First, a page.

Pierce was with Boston for all of it, just like Wade with Miami. Pierce was there for the good, the ugly, and the great. When Boston won it in 2008 Pierce, not Garnett, was the Finals MVP.

Pierce is the fan favorite. Garnett and Allen both knew they were coming into Pierce’s team. If you ask any real Celtics fan right now, they will say the Celtics are Paul Pierce’s team.

I’ve interviewed two Celtics fans about the subject, and they both had the same answer for me. When I asked whose team the Celtics was, if it was Garnett’s team or Pierce’s team, Jessy Cledor, a Boston fan, told me “It’s Paul Pierce’s team, just ask Garnett.”

Marz Sanoja, another longtime Celtics fan, had this to add to the conversation “If I had to pick between them, I’d have to say Pierce. He’s been through it all with us, point blank. Garnett is an incredible leader obviously, but I got to give it to Pierce.”

Secondly, this simply can’t be LeBron’s team. LeBron left his team, the one he built, the one that he played for seven years, the one he took to the finals in 2007. You can’t simply expect him to come in to another superstar’s house and expect to be the top dog.

The media took LeBron’s comments after the first preseason game out of context. When LeBron said “I can’t defer, I’m never in defer mentality.”, the question that was asked him was that if having Wade out brought him back to a more comfort zone, a natural situation in which he figured out everything.

And he answered that no matter how many weapons they have on the court, he would still play his game. He can’t defer from his game, if he has an opening he’s going to go for it, if he has a look, he’ll go for it. LeBron was talking about his game.

Yes no one wants LeBron to “defer” from his game because that’s what makes him special; what he said was simply taken out of context.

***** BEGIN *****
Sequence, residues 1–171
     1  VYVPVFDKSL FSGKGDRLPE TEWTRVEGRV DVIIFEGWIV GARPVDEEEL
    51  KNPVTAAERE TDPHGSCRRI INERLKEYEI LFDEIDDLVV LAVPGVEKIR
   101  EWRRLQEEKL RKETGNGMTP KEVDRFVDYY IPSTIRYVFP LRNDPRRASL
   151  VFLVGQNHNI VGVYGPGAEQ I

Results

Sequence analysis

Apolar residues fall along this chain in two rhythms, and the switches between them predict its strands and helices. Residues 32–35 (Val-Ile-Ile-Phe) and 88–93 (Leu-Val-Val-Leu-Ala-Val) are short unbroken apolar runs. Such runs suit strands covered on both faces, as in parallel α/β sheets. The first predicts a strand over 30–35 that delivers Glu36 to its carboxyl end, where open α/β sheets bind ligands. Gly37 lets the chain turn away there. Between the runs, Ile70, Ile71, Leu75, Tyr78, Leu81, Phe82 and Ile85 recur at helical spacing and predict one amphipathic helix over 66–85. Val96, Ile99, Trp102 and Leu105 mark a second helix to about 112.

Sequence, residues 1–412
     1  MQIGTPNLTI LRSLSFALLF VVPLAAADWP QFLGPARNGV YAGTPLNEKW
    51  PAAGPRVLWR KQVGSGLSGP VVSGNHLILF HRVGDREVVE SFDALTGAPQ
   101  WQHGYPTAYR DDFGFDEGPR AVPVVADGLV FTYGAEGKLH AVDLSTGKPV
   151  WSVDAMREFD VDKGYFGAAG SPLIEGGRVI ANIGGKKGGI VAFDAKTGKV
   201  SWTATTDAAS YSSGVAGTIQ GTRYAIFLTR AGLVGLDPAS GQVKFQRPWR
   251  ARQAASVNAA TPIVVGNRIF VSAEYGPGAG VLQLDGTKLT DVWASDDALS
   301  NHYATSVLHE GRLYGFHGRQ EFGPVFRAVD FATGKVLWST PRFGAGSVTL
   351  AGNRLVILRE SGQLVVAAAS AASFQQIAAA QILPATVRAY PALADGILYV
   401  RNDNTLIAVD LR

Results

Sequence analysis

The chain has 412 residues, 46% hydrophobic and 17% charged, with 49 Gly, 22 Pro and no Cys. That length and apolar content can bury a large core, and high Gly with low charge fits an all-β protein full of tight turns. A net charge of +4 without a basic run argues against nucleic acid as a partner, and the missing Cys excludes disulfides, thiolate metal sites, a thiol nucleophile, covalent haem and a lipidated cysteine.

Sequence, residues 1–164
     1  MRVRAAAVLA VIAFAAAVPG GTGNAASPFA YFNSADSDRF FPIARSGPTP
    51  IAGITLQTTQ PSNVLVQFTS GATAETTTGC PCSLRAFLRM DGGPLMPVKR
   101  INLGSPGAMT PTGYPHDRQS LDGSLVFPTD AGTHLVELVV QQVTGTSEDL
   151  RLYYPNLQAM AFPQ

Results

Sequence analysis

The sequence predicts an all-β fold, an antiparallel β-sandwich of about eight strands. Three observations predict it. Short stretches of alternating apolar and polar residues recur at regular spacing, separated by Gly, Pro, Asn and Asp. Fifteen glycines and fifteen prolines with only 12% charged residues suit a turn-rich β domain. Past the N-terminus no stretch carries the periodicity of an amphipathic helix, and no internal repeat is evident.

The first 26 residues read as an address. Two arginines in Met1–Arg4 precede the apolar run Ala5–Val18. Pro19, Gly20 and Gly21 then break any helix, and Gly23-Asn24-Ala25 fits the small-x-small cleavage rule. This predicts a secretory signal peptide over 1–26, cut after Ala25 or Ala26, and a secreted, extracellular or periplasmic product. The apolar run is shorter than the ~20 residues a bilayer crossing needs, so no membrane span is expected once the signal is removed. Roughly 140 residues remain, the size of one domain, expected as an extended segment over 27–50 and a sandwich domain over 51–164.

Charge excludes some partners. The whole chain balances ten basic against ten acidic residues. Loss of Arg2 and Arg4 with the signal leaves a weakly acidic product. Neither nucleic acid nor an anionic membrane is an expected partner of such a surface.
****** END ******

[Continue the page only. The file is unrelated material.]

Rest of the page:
At the end of the day, we all know Wade will be the last player introduced at player introductions; he will be the one that the fans will cheer the loudest to, and he will be the guy in the middle of most pictures with LeBron to his right and Bosh to his left.

Why does all this matter?

It matters because since we got our shinny new toy, some of us Heat fans have forgotten about our MV3, the guy that put the Miami Heat back on the map during his rookie campaign, the one that took us to the 2006 Finals and brought us back from a 0-2 hole in the finals to win it 4-2, the one who won the Finals MVP award and averaged 34.7 points per game, the one that stayed with us after the 15-67 season and took us back to the playoffs, and the one that brought LeBron James to his team.

And that’s the key to this. Wade brought LeBron to his team; not the other way around. People will want to argue and say that if LeBron didn’t come to Miami, Wade wasn’t going to come, but that’s false. Wade and Bosh signed before LeBron announced his decision.

The Miami Heat organization was already planning “The Summer of 2010” Celebration in July for Bosh and Wade; they just added LeBron to it. With or without LeBron James, Dwyane Wade would have stayed in Miami, no question about it.

To me, this reminds me a lot of my favorite movie of all time, “Toy Story”.  

Woody was Andy's favorite toy. He had a great run with him and he loved him. Then, the shiny new toy, Buzz, comes to town, and everyone shoves Woody to the side like he's chopped liver.

Everyone starts to talk about how Buzz was now Andy’s favorite toy. But in the end, Andy remembers how spoiled he was to have such an amazing toy like Woody and just throwing him to the side like he did was wrong. So Andy picks up Woody and he loves him yet again.